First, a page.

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120216 Cloudify shell.jpgLast December, a company called GigaSpaces began demonstrating a unique kind of Java-based abstraction layer made for use within cloud platforms. Cloudify is a layer that abstracts the application platform from the cloud that it’s running on. So you can literally do this: You can set up and fully flesh out your SaaS application on your local system, complete with middleware, just as though it’s running in the cloud.

Then once it works, you relocate it. A unique cloud driver makes the homogenous application cloud run atop the specific platform cloud. The upshot is that if you can make your app run on the local platform, you can move it to Windows Azure just as easily as you can move it to Amazon EC2. (One payoff: running a Java app on the Azure cloud.)

On Tuesday, GigaSpaces concluded Cloudify’s beta program, opening it up as a commercial service with an optional free tier. To be explicit, Cloudify is not a PaaS – it isn’t a cloud in and of itself. It’s a driver with services that enable you to deploy applications on cloud infrastructures you’re already using, such as Amazon and Rackspace. What Cloudify Free Edition gives you for free are the tools to assemble your application components in a virtualized environment, and then deploy that environment to your cloud of choice.

Cloudify, writes GigaSpaces architect Sean Kumar, “makes any application agnostic to the underlying deployment environment. With Cloudify, the same application can be deployed to a cloud infrastructure, a non-cloud infrastructure or even a local machine without any changes to code. Deploying, managing and monitoring an application on any of this environment becomes very easy, and the look and feel of the management and monitoring tools remains consistent.”

A self-service portal and 24/7 customer support, among other features, brings Cloudify’s fee up to $1,000 per month. Actual cloud-based services in addition, which include the option of incorporating MongoDB, Cassandra, Tomcat, JBoss, and Oracle Web Logic in recipes, are offered as part of Cloudify’s $5,000 premium tier.

120216 Cloudify diagram.jpg

Instructing the GigaSpaces cloud driver as to how your app is constructed – complete with underlying services and database, and various dependencies – is a text file called the recipe. It’s assembled using a human-legible declarative language based on the Groovy dynamic language.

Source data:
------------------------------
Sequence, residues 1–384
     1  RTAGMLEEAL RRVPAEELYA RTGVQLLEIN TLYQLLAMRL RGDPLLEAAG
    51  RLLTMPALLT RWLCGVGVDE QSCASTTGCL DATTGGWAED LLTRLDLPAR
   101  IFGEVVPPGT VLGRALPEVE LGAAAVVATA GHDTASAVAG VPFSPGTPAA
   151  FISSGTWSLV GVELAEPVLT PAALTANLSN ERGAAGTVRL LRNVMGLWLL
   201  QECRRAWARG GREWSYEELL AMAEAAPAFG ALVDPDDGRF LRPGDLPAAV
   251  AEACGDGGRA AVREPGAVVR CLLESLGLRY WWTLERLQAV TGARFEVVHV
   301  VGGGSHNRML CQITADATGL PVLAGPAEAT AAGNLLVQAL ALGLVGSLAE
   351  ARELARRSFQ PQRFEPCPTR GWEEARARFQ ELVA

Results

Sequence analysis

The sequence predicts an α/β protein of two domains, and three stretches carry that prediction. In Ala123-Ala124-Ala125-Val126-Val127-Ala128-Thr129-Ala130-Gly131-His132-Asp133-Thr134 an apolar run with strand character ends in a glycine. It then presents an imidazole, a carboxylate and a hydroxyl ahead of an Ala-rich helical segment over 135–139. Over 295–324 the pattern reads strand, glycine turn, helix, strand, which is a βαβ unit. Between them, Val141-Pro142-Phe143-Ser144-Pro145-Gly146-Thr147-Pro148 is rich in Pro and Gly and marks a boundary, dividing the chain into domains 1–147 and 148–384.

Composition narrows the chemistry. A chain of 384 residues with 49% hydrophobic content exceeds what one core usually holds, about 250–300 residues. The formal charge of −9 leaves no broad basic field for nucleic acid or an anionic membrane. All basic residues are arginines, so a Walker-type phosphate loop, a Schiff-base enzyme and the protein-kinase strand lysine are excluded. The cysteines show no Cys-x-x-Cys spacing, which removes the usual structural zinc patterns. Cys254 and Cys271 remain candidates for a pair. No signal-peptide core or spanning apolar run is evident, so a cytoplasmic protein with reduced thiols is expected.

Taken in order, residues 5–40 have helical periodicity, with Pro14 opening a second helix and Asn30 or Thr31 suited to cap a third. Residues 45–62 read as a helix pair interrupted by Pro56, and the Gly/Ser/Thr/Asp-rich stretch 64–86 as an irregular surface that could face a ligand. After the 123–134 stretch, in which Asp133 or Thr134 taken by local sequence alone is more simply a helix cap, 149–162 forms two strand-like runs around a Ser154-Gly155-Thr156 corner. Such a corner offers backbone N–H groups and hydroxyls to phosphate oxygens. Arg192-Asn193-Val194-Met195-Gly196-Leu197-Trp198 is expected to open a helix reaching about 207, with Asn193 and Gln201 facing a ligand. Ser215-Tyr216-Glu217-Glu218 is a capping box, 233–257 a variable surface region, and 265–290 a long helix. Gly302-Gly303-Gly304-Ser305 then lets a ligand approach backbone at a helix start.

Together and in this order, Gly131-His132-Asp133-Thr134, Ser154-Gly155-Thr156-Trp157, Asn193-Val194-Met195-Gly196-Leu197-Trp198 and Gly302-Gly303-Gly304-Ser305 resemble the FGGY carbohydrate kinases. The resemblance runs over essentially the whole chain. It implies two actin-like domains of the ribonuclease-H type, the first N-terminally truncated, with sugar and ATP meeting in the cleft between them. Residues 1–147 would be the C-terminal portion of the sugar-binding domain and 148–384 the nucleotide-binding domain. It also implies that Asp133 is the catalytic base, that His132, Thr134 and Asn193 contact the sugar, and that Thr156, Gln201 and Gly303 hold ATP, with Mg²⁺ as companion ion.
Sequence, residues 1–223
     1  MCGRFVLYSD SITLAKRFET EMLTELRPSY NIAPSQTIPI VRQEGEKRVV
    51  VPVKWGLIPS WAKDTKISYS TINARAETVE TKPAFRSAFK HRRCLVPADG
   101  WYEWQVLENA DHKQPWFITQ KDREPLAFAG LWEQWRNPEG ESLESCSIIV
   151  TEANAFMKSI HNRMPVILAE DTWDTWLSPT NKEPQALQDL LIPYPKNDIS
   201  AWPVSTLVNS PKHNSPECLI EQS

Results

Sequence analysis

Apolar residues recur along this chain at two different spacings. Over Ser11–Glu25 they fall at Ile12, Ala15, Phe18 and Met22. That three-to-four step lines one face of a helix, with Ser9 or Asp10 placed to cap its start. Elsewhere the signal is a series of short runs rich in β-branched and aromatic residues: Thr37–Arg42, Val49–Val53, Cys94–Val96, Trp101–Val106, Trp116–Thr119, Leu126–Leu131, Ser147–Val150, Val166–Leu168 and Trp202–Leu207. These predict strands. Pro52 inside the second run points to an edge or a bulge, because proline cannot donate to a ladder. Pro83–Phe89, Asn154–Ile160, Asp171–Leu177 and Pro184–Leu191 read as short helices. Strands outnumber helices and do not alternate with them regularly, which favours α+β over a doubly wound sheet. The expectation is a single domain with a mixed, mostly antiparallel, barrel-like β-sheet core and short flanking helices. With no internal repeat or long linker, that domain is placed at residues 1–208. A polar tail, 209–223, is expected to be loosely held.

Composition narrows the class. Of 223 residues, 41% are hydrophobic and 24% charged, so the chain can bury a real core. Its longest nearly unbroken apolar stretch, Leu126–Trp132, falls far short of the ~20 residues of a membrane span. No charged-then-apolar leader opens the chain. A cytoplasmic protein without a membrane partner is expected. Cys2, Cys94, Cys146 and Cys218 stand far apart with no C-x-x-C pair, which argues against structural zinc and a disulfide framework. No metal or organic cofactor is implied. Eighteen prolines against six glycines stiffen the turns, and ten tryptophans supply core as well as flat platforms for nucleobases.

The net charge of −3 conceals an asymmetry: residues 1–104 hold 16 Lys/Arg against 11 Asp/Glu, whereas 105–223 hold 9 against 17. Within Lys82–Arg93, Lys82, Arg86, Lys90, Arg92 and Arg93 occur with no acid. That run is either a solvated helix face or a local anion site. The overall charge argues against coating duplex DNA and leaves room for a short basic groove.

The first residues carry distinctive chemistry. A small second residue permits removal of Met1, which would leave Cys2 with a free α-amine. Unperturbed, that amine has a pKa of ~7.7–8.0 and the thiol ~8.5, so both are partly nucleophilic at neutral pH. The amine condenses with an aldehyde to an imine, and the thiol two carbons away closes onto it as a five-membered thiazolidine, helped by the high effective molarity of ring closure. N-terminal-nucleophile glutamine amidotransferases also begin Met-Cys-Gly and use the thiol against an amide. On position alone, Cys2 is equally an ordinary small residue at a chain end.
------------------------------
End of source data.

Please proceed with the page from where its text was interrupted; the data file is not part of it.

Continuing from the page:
The recipe specifies how your application will be deployed and monitored. As Kumar goes on, there are two types of recipes. “The Application Recipe describes the application components, which are its services and their dependencies. The Service Recipe describes service characteristics, such as the number of service instances, lifecycle events, scripts that handle these events, monitoring configurations, scaling rules and custom alert rules.”

Executing the recipe as a script is a component called the Universal Service Manager (USM). As Cloudify’s documentation explains, “The life-cycle phases of the USM can be controlled by the user, allowing for a high level of customization. The USM life-cycle is split into phases, each contains one or more events. The recipe can implement any of these events and ignore the ones it does not need.”

Those six phases are: Service Start, Initialization, Install, Start, Stop, and Shutdown. Each of those phases is divided into one or more events, with the start event being the only mandatory one. By giving these events names, Cloudify lets you define your recipe on a time-based scale, explaining exactly what happens, at what time, and under what conditions.

Monitoring running apps in progress takes place through a Web Management Console, which naturally runs from a browser.

The launch date for the official Cloudify Community – which is also part of the Free tier – is set for March 1.

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Last December, a company called GigaSpaces began demonstrating a unique kind of Java-based abstraction layer made for use within cloud platforms. Cloudify is a layer that abstracts the application platform from the cloud that it’s running on. So you can literally do this: You can set up and fully flesh out your SaaS application on your local system, complete with middleware, just as though it’s running in the cloud.nnThen once it works, you relocate it. A unique cloud driver makes the homogenous application cloud run atop the specific platform cloud. The upshot is that if you can make your app run on the local platform, you can move it to Windows Azure just as easily as you can move it to Amazon EC2. (One payoff: running a Java app on the Azure cloud.)
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